Thursday, March 7, 2013

Pita Pita

When I was in college there was a place called the Pita Pit that I got food from a lot. It was the only place where I felt I could get something really healthy either picked up or delivered to my door. It was more like a wrap than an actual pita pocket and I liked that. Anyhow it has been a long, long time since I ate there because I avoid campus like a nail in the foot after I graduated, but recently I thought it would be fun to try and make my own pita-like-wrap to fill with yummy things.

I turned to pinterest, where I had already seen several pita recipes posted. The difference between a  pita and a tortilla is that the pitas have yeast in them. I used this recipe to make my pitas. They are more like wraps than the kind you get that are really poofy and have a little pocket. I just can't eat those - they fall apart on me every. single. time.

Making this is a lot like making pizza dough. Only you dry-cook the pitas in a frying pan. I used my stand mixer, but you could easily do it by hand.

Here is my nice ball of dough after proofing the yeast in water, and then adding the flour, salt, and olive oil.

After letting it rise I made my little balls of dough - 8 total. You only see 7 here because a certain little toddler decided he was going to take his pita making into his own hands.

I rolled them out pretty thin, because I did want them more like a wrap.

Then I just put them in a pan heated on medium high heat and cooked them until they started to get all bubbly on one side, flipped them for a very short amount of time on the other side, and they were done!

See the bubbles? That is how you know it is working
I filled my pitas with a greek dip I made using hummus, cucumbers, tomatoes, feta, and kalamata olives. I'll post the hummus and dip recipe next!

Homemade Pitas

1 cup warm water (110-115 degrees)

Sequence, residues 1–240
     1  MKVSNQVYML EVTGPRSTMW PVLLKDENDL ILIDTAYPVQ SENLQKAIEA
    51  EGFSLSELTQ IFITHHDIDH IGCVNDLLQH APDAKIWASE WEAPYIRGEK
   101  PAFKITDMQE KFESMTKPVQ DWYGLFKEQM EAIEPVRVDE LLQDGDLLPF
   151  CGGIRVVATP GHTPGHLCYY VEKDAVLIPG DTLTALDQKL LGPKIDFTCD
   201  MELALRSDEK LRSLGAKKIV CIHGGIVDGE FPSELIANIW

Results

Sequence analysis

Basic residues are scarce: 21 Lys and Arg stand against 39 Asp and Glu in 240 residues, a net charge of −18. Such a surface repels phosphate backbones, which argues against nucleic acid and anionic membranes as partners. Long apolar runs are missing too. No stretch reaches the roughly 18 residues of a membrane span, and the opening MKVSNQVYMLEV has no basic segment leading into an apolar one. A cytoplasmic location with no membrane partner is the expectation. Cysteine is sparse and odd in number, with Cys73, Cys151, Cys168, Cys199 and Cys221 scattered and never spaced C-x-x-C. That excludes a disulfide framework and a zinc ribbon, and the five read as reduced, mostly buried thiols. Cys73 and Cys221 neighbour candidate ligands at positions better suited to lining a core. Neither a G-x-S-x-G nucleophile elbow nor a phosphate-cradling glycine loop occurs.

1 packet active dry yeast
2 1/2-3 cups flour
2 tsp. salt
1 Tbsp. olive oil

Dissolve the yeast in the water and let sit for 5 minutes or so. Meanwhile, mix the flour and salt in a stand mixer fitted with the dough hook. Once the yeast is proofed (getting a little fizzy) pour it in the machine along with the olive oil and turn the machine on a setting of 2 or 3. Once it is combined turn the mixer to its lowest setting. You want your mixer on the lowest setting for kneading the dough because if you go to fast you will actually work air into the dough which you don't want!

You may have to add more flour so the dough isn't very sticky anymore. Then coat with oil and let it rise for an hour or so. Once risen, divide into 8 portions and roll each portion pretty thin - maybe about 1/8" in thickness.

You can coat your pan with some EVOO for the first one to ensure the pan is prepped and that the pita won't stuck. Don't go nuts though, you don't want it fried. Let it cook on one side until you see little bubbles all over the surface, and then flip it over. Cook a little while longer until there is some color on the underside and then take it off and set it aside so you can do the next one. These are best fresh but we were still eating them 3 days  later and they were still good!

1 comment:

  1. Does this cook up with the 'pocket' in them? Or like a chewy wrap type pita?